One of the core tenets of any proper investment strategy is diversification. People often describe diversification using the familiar saying, “Don’t put all your eggs in one basket.” Although the phrase has been used to the point of overuse, it nonetheless manages to capture the essence of why it is wise to diversify.
Diversification means owning a variety of different holdings that perform well at different times. It sounds easy in theory, but in practice, the frustrating part of diversification is that investors can sometimes feel like they own too many of the recent losers and not enough of the recent winners. When an asset class performs well, whether it is technology stocks in the late ‘90s, emerging markets and real estate in the mid-2000s or U.S. stocks in 2018, the temptation is to chase the best sector. This is why diversification is so easy to agree with in theory but difficult for many investors to practice.
Diversification lowers the overall risk of the portfolio. As some holdings decline, others will advance, reducing the chances of severe losses by being over-invested in a single holding or asset class. Diversification can also increase expected returns by being able to rebalance away from those asset classes that are doing well (selling high) and investing more in those asset classes that have become relatively cheaper (buying low). By driving more return for each unit of risk and less risk for each unit of return, diversification increases portfolio efficiency. For these reasons, diversification is the cornerstone of proper investment management.
There are times when being diversified is comfortable and the markets make the benefits of diversification rather obvious. For example, in 2017, international and emerging market stocks significantly outpaced U.S. stocks. For U.S. investors, having globally diversified portfolios felt good because of the returns of international and emerging market equities (see Chart I below).
This year, the situation reversed, and diversification became frustrating as U.S. markets moved steadily upward while international stocks and emerging markets lagged. This is the point at which some investors would panic and change their investment strategy, even though the process is working exactly as it should. Diversification doesn’t work if everything goes up and goes down at the same time. The benefit of diversification is only realized if asset classes move up and down at different times, allowing portfolios to rebalance, and to also be less risky than individual asset classes on their own.
Chart I: Forum GNP Core 60 Holdings
||January 2017–September 2018
|DFA US Core Equity II (DFQTX)
|DFA International Core Equity (DFIEX)
|DFA Emerging Markets Core Equity (DFCEX)
|DFA Global Real Estate Securities (DFGEX)
|Fixed Income Holdings1
* As of 09/30/18. Fund return data was obtained from Morningstar. Total returns include reinvestment of dividends and capital gains and are net of fund fees and expenses. Custodial and advisory fees are not included.
Without a disciplined process, investors frequently find themselves acting with emotions in the lead. They want to buy more of what has gone up and own less of what has gone down (buying high and selling low). That is why investors were hurt with concerns about Japan in the 1990s, tech stocks in the early 2000s and emerging markets and real estate during the financial crisis.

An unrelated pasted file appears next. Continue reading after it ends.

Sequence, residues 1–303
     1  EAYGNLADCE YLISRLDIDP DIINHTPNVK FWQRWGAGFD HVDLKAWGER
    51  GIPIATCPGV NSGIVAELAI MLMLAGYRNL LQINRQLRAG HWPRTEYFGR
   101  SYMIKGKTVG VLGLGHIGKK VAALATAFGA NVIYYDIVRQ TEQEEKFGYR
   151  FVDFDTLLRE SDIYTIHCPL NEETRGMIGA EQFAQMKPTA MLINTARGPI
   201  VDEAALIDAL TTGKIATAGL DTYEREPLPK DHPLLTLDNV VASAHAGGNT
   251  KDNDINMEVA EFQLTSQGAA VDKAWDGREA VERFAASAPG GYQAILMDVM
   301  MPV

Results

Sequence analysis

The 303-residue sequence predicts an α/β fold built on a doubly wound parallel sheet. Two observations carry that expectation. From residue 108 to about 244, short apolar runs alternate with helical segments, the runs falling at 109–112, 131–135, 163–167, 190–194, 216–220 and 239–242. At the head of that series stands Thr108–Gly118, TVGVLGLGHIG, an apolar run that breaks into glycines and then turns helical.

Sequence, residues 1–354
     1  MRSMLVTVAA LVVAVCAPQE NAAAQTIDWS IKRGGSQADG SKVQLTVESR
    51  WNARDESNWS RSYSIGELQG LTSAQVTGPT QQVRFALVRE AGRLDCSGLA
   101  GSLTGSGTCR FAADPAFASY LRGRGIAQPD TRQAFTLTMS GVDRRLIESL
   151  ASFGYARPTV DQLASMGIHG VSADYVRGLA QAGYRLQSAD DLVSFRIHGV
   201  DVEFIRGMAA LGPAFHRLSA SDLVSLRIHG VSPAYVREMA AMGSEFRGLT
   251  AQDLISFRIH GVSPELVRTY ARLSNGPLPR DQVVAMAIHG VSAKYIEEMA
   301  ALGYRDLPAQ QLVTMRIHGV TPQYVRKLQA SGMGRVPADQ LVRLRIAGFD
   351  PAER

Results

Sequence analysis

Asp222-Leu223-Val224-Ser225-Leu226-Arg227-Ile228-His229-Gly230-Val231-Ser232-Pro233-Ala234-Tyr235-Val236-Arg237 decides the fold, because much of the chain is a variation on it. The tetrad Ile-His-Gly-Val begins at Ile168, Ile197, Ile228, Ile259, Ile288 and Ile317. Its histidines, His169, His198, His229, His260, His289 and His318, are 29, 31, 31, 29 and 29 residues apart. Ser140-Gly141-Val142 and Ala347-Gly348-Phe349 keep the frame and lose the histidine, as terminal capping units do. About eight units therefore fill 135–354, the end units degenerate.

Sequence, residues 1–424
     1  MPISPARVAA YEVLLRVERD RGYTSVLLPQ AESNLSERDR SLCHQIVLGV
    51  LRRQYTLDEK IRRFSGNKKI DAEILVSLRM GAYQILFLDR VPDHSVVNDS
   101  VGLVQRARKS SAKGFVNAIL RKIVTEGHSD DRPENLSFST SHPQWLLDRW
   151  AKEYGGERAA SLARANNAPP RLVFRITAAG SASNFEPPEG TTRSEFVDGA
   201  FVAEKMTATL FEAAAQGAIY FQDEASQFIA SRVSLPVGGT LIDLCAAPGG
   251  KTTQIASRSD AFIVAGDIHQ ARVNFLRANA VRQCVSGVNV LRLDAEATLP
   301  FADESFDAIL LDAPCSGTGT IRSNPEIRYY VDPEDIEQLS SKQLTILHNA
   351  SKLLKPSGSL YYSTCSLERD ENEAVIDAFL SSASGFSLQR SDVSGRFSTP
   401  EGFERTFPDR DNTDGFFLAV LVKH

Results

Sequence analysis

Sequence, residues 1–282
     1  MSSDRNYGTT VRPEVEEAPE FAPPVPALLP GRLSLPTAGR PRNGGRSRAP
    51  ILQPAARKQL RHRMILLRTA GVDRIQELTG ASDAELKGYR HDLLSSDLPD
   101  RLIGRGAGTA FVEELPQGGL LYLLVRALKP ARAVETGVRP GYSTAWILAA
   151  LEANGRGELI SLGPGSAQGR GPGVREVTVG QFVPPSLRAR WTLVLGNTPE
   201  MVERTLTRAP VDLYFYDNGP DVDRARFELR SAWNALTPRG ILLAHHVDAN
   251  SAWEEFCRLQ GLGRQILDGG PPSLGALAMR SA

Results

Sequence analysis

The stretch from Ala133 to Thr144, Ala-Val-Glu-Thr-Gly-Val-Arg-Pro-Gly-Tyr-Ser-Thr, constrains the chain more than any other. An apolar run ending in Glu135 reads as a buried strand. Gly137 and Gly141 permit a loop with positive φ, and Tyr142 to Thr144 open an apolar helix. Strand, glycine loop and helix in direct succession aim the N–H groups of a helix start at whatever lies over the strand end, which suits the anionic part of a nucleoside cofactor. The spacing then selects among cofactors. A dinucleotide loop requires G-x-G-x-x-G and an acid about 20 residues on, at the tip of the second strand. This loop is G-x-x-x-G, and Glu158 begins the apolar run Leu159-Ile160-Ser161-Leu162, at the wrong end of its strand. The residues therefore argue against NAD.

From 2010–2017, the U.S. market has been the leader and returned 13.97% per year while international stocks have only returned 6.01%.2 While this U.S. performance has been very good for global portfolio returns, investors with a diversified portfolio may see this outperformance and wish they held more U.S. stocks and held less of everything else. But discipline and history tell us the right thing to do (and the hardest thing to do) is to sell some U.S. exposure and buy international exposure to bring portfolios back in line. As Warren Buffett famously said, “Whether we’re talking about socks or stocks, I like buying quality merchandise when it is marked down.”3
Another question that comes up from time to time is whether we can conclude from the last few years that U.S. stocks have a generally higher expected return. We only have to go back to the eight years before 2010–2017 (for an equivalent period) to see the exact reverse. From 2002–2009, U.S. stocks returned 2.61% annually and international stocks returned 7.05% per year.4
Looking back even further, since 1970, U.S. stocks have returned 10.52% annually and international stocks 8.94% annually, with U.S. stocks ahead 25 of the 48 years and international ahead 23 of the 48 years.5
In the 1970s and 1980s, international stocks did better while U.S. stocks outperformed in the 1990s (see Chart II below). International stocks may have performed better than U.S. stocks in the 2000s but so far in this decade, U.S. stocks have notably outperformed international stocks.
Chart II: Periodic Returns Over the Decades6
||U.S. Market Return
It is important to recognize that a diversified portfolio kept investors from being overexposed to the wrong asset class at the wrong time. For example, U.S.-only investors in the 2000s who were at or near retirement impaired their lifetime retirement income by not being diversified.
When we look at the academic evidence, the benefits of diversification are clear. Investors should have the right amount of exposure to all global markets. However, when we are living through years when diversification feels bad, it is much harder to remember to focus on the big picture and resist the temptation to try something different. Diversification and discipline are easy in theory, difficult in practice.